Business Lessons from VeggieTales

As you may have heard, a couple of years ago Big Idea (the animation studio that gave us VeggieTales) went bankrupt. As a result, Bob the Tomato and Larry the Cucumber are now owned by Classic Media (which also owns Lassie and Rocky & Bullwinkle). VeggieTales creator Phil Vischer has posted a detailed description of what went right and what went wrong with the company. It’s fascinating to read, and I understand it is now required reading in at least one business school.

I am just a humble illustrator, but that also makes me a businessman. While I love my job, for the longest time I detested the administrative trappings that come with it. Budgeting, taxes, self-promotion, e-mails, paperwork, databases…I saw them as a necessary evil, a distraction, and a nuisance. It’s amazing how much time it all takes when I could be drawing instead. And talk about boring! But they are the engine that keeps my business running. If I neglect those responsibilities, I will soon find myself wearing a paper hat and asking, “Would you like fries with that?”

Fortunately my gracious wife loves doing administrative stuff, so I am in the process of passing those tasks off to her. What a blessing she is! The goal is that I’ll be able to spend more time drawing, and therefore bring home a little more bacon (which we will need with a baby on the way).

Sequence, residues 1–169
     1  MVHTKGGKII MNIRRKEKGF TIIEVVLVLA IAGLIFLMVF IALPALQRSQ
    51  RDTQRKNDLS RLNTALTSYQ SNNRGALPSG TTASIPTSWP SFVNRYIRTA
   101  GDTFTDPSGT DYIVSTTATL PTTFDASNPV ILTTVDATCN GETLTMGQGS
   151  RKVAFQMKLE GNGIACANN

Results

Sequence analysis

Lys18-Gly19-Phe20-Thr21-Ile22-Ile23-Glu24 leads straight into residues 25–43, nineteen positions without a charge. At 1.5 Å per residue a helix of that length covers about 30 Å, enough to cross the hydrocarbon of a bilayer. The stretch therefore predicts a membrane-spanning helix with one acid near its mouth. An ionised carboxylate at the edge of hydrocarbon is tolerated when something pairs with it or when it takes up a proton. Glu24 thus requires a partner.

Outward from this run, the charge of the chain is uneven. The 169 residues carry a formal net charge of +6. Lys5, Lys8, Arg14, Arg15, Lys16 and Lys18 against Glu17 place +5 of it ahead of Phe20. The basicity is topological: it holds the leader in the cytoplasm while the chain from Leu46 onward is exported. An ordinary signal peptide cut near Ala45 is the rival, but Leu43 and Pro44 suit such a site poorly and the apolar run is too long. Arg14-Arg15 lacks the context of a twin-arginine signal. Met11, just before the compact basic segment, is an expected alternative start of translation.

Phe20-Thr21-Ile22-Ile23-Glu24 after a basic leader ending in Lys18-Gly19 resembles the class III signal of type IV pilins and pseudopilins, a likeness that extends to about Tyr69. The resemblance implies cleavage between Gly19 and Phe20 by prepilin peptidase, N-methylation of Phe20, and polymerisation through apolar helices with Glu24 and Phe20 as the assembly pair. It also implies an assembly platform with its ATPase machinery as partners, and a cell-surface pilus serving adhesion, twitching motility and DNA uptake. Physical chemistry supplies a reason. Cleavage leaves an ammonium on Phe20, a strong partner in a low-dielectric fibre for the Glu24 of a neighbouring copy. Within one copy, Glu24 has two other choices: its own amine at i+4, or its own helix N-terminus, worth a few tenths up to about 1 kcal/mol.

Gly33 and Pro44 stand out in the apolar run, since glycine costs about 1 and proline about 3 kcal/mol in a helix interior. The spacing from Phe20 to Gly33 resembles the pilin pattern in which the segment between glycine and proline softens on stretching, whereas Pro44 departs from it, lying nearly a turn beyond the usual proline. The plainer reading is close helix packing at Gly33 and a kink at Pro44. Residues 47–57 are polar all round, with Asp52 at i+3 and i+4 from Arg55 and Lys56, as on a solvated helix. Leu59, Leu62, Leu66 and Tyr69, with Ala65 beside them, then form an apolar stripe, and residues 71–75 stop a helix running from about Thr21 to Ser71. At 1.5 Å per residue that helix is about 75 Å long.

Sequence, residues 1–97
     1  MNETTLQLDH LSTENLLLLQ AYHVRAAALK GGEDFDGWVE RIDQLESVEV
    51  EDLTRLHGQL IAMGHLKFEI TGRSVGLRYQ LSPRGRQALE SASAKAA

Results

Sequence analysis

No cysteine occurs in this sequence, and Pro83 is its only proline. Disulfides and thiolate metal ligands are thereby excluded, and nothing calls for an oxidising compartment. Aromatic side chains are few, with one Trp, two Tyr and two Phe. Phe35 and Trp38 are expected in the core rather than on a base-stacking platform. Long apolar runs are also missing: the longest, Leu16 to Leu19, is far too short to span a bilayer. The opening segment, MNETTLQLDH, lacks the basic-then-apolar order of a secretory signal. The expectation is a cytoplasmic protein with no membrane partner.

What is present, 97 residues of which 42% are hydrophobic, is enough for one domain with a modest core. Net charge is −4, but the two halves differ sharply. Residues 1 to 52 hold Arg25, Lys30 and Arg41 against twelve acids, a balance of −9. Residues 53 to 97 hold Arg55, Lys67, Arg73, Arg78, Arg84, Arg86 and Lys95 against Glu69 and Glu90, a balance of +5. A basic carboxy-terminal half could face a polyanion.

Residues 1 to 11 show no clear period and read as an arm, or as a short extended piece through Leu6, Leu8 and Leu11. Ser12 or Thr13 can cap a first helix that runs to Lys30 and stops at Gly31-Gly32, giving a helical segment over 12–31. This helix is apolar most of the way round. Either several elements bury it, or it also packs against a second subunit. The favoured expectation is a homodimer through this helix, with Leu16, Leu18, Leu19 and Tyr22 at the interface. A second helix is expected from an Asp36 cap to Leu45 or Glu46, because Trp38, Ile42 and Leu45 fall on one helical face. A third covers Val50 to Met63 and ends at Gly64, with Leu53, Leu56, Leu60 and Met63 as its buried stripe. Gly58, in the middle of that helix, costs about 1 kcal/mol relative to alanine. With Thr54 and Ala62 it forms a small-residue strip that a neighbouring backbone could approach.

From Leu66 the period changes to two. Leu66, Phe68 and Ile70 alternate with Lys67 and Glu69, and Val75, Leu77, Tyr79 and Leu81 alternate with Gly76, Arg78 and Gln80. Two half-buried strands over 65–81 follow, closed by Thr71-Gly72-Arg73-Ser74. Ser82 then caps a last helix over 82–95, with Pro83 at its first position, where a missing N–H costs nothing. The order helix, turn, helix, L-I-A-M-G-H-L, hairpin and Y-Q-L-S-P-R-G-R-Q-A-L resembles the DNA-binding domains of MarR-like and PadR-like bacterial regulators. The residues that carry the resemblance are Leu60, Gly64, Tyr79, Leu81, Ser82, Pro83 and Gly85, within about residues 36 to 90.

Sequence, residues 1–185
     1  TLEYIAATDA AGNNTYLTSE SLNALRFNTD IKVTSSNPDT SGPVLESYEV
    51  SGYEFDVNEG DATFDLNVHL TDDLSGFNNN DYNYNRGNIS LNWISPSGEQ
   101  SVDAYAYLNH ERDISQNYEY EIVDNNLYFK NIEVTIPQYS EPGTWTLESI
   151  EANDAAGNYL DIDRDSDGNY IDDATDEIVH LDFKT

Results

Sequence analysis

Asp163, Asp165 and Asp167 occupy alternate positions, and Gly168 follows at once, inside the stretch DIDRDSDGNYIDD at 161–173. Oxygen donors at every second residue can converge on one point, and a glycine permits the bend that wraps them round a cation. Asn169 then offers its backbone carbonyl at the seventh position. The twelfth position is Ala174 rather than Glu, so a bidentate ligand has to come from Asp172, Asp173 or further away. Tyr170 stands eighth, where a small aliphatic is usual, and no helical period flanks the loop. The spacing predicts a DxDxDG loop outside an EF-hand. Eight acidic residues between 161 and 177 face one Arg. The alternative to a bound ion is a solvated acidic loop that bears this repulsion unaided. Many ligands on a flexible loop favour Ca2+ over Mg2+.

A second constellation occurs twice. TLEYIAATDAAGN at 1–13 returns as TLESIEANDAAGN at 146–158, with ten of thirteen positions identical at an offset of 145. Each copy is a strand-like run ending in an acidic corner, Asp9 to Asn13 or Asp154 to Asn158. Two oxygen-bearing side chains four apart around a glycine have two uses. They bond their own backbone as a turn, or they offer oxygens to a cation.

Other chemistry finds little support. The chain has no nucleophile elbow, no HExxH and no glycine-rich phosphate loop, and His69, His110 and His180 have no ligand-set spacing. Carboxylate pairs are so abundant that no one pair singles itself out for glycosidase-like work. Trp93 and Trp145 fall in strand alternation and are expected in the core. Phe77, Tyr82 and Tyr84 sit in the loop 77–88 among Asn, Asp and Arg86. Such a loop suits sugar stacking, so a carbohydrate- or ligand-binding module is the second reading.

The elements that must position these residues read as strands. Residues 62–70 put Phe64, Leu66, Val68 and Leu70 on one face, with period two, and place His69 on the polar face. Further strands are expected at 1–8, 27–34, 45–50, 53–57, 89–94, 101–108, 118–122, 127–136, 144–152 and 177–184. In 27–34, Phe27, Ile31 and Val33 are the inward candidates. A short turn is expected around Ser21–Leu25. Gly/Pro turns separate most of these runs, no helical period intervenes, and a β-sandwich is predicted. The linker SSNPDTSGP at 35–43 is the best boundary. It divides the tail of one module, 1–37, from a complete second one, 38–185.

Now that that burden is lifting I find myself looking at the bigger picture. Strangely, my attitude is changing. I’m actually starting to get interested in the business side of things–self-promotion, networking, and the like. Maybe it’s a desire to have more stability in my career (freelancing can be incredibly stressful and chaotic, with relatively little financial reward). Maybe I feel the need to gain a foothold now that I live in the big city and swim with the big fish. Maybe I fear shipwrecking my career because of a bad business decision. Maybe it’s just my latest personal “fad” (I have a long history of getting curious about something, studying it ferociously, burning out, finding a new topic to fascinate me, and starting the cycle all over again). Or maybe I’m just getting older. But something’s changing. Suddenly the business side of things doesn’t seem so boring anymore.

I recently I stumbled upon a free trial subscription to Inc., a magazine for small business owners. I was sure it would be capital “B’ boring, but it was free so why not? It’s actually a very good read. I find myself soaking up the advice and tidbits in their articles, and reading case studies of business owners facing difficult decisions and asking myself, “What would I do?”. I’ve also been buying a few business books on It’s scary how much I don’t know. Artists’s are generally poor at business, it cuts against the grain of our creative, emotion-driven natures. All the more reason for us to learn. I may never run a big studio or hire employees, but there is still plenty I can learn from those who do.

Don’t get me wrong. I still love drawing. I will probably be creating artwork until the day I die, even if it’s just doodles on the paper placemats at the nursing home. But for now I want to learn what I can from the successes (and mistakes) of other business owners. Especially those in creative industries like art and animation. I’d rather learn from their failures than make my own. So I’m very grateful for Vischer’s honest and informative tale. His humiity and humor despite his mistakes is very inspiring. I have a feeling I’ll be following Vischer rather closely from now on to see what else I can learn. Maybe you should, too.